PM at Isro centre to watch Chandrayaan-2 moon landing, says ‘mission manifests best of Indian talent

PM at Isro centre to watch Chandrayaan-2 moon landing, says ‘mission manifests best of Indian talent

BENGALURU, (ISTRAC, Isro centre) : As Prime Minister Narendra Modi landed at the ISTRAC Isro centre in Bengaluru on Friday to witness the historic chandrayaan-2

landing in the wee hours of Saturday, he said, “I have been regularly and enthusiastically tracking all updates relating to Chandrayaan-2 since it was launched on July 22. This mission manifests the best of Indian talent and spirit of tenacity. Its success will benefit crores of Indians.”

The PM will witness the moon landing along with 60 students who have been selected from across the country on the basis of a special space science quiz. Some students from Bhutan have also been invited to watch the historic event from the Isro control room in Bengaluru. “The youngsters with whom I will watch the special moments from the ISRO Centre in Bengaluru are those bright minds who won the ISRO Space Quiz on MyGov. The large scale participation in this Quiz showcases the interest of the youth in science and space. This is a great sign!” Modi tweeted.

Over 300 journalists from across the country, including some from the foreign media, have congregated at ISTRAC to cover the moon landing in the south pole, which, if successful, will make India the first country in the world to successfully land in the south pole region of Moon and the fourth country after USSR, US and China to softland its craft on Moon.

The moon landing will be telecast live from 1.10am on Doordarshan, webcast on Isro website and streamed on Youtube, Facebook and Twitter. People from across the country have already started sending greetings and wishes to Indian space scientists on social media, which shows the excitement level on Chandrayaan-2 landing.

Jerry Michael Linengar, a former National Aeronautics and Space Administration (Nasa) astronaut who had flown on US space shuttles and spent over five months on Russia’s Mir space station, is in India to do a special show at 11.30pm on Friday night on Chandrayaan-2 moon landing that will be live telecast on National Geographic.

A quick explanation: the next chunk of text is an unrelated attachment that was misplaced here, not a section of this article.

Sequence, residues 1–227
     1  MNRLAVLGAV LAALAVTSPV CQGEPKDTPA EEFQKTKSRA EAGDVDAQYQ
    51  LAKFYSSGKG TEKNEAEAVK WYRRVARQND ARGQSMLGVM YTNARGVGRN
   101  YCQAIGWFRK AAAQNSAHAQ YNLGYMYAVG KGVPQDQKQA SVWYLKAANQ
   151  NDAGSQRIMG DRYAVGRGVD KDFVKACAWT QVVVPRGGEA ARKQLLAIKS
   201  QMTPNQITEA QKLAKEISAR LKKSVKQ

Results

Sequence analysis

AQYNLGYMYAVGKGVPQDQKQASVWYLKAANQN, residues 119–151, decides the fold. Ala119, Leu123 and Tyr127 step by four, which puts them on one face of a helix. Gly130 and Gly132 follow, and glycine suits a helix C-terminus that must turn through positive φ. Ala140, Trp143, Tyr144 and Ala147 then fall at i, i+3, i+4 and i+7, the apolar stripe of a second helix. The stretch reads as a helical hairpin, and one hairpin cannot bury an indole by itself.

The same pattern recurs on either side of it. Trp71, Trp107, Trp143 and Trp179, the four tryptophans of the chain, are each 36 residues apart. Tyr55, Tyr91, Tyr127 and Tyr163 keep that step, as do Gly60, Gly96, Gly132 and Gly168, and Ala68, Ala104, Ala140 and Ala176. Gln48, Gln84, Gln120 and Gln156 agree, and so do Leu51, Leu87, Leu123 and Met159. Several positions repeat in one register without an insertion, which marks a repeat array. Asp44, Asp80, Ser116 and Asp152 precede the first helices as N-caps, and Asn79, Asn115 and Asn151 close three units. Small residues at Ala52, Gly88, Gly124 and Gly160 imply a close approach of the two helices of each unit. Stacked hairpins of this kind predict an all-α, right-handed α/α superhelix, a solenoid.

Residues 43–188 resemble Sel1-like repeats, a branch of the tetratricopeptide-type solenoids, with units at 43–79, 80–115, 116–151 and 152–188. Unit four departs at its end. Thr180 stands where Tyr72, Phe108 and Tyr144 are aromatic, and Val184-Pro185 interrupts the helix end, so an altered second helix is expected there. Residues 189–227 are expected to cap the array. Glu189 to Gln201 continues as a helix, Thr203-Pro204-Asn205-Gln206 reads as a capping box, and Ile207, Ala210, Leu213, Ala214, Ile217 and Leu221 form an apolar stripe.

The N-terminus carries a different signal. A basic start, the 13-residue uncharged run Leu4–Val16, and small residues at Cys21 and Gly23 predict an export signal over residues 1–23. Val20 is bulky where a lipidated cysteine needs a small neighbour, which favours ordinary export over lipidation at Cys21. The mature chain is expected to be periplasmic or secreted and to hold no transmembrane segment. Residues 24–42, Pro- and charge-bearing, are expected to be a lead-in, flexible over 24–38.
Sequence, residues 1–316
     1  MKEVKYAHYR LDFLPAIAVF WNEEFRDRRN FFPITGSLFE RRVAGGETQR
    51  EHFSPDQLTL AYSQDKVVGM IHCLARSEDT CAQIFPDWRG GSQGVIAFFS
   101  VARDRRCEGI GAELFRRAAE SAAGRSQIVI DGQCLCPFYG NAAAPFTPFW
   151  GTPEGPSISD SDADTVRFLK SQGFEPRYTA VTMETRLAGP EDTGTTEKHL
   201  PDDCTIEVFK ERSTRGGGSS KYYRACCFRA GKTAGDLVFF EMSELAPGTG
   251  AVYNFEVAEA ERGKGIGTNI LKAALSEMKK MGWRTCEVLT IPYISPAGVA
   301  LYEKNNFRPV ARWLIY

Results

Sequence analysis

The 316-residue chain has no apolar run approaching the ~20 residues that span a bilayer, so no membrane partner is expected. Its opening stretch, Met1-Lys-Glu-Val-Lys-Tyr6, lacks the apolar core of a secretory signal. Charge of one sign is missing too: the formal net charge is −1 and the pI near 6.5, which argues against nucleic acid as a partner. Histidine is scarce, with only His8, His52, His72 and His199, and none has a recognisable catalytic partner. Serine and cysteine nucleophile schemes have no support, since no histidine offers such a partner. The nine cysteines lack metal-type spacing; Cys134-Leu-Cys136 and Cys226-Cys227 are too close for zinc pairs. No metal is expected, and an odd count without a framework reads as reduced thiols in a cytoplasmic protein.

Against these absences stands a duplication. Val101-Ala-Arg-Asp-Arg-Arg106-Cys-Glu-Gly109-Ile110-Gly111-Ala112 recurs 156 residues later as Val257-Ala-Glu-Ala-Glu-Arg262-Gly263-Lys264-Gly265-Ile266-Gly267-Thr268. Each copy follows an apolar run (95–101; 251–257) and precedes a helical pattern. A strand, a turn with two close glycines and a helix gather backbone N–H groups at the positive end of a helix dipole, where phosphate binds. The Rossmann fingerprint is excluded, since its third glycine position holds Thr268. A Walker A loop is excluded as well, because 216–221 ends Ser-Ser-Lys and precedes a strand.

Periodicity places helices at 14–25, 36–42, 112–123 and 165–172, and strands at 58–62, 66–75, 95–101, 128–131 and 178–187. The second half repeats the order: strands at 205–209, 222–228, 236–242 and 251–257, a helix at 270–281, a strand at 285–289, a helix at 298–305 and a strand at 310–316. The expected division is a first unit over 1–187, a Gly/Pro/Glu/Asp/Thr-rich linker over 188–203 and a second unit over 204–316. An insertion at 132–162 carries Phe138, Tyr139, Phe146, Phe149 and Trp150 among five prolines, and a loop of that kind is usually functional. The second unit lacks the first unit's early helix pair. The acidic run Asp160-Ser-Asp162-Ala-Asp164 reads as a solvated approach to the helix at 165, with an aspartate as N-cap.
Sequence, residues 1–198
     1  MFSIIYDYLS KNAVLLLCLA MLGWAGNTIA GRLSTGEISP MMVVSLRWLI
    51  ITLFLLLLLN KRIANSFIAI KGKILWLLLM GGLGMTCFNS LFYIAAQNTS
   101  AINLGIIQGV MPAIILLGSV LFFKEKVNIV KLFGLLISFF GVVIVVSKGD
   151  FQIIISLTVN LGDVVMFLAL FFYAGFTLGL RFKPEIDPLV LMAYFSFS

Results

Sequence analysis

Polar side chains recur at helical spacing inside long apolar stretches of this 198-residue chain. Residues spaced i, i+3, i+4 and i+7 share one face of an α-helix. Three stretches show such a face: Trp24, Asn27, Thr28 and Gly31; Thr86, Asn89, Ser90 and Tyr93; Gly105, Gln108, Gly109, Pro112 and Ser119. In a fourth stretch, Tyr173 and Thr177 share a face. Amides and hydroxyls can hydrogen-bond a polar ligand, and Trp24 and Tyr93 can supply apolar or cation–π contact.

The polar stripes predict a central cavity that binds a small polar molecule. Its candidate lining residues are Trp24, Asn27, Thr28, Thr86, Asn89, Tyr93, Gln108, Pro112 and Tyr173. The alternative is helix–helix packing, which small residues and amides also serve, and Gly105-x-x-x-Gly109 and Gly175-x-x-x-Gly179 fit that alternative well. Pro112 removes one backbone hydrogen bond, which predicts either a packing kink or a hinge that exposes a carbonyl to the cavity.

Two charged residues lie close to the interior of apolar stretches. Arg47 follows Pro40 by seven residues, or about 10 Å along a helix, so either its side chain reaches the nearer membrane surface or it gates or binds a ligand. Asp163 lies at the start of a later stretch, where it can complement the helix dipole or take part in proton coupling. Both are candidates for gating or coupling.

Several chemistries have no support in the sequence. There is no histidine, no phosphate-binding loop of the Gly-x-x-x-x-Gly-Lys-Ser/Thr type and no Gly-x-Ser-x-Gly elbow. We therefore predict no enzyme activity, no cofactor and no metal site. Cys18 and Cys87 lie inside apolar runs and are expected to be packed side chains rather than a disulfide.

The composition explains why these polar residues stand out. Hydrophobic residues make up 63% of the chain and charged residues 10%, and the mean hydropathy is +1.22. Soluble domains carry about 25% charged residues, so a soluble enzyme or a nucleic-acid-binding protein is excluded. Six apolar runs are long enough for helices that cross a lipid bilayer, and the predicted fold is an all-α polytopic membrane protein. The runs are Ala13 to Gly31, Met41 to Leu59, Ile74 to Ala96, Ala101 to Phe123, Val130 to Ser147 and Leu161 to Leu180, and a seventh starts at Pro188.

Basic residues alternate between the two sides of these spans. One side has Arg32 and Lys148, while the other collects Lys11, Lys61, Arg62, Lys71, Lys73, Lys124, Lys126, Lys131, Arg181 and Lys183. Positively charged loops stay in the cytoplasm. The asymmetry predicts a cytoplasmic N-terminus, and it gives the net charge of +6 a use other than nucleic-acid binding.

The Nasa veteran said he is “impressed with Isro’s robotic mission to Moon”. Excited about his Chandrayaan-2 show, he said, “I came here from half way around the world to do a special show to share the excitement with Indians on Chandrayaan-2 and celebrate the great accomplishment. I hope that India would share that great moment with me. Future looks great for us.”

As the historic moment nears, Isro scientists are excited and anxious. Isro chairman K Sivan

had earlier told TOI that the last “15 minutes before the moon landing during the final descent will be the most terrifying moments for us” as Isro is going to perform this landing operation for the first time.

People from across the country have already started sending greetings and wishes to Indian space scientists on social media, which shows the excitement level on Chandrayaan-2.

“Certainly there is lot of anxiety in the minds of the entire (Chandrayaan-2) team because it’s a very complex operation and we are doing it for the first time,” a senior official associated with the mission, said.

“Everything… sensors, computers, command systems… has to work perfectly. But we are confident in the sense we have conducted a large number of simulations on the ground; it gives us the confidence it would go alright,” the official said.

He described the soft-landing as “almost like placing a baby on the cradle”, and said, “there is certain amount of anxiety but there is no fear.”

As India attempts a soft-landing on the lunar surface, all eyes will be on the lander ‘ Vikram’ and rover ‘ Pragyan’.

The 1,471-kg ‘Vikram’, named after Dr Vikram A Sarabhai, father of the Indian space programme, is designed to execute a soft-landing on the lunar surface, and to function for one lunar day, which is equivalent to about 14 earth days.

Chandrayaan-2’s 27-kg robotic vehicle ‘Pragyan’, which translates to ‘wisdom’ in Sanskrit, can travel up to 500 metres from the landing spot on the Moon and leverages solar energy for its functioning.

“The lander carries three scientific payloads to conduct surface and sub-surface science experiments, while the rover carries two payloads to enhance our understanding of the lunar surface,” according to Isro.

‘Vikram’ will perform a series of complex braking manoeuvres to soft-land in the South polar region of the Moon between two craters, Manzinus C and Simpelius N, on September 7.

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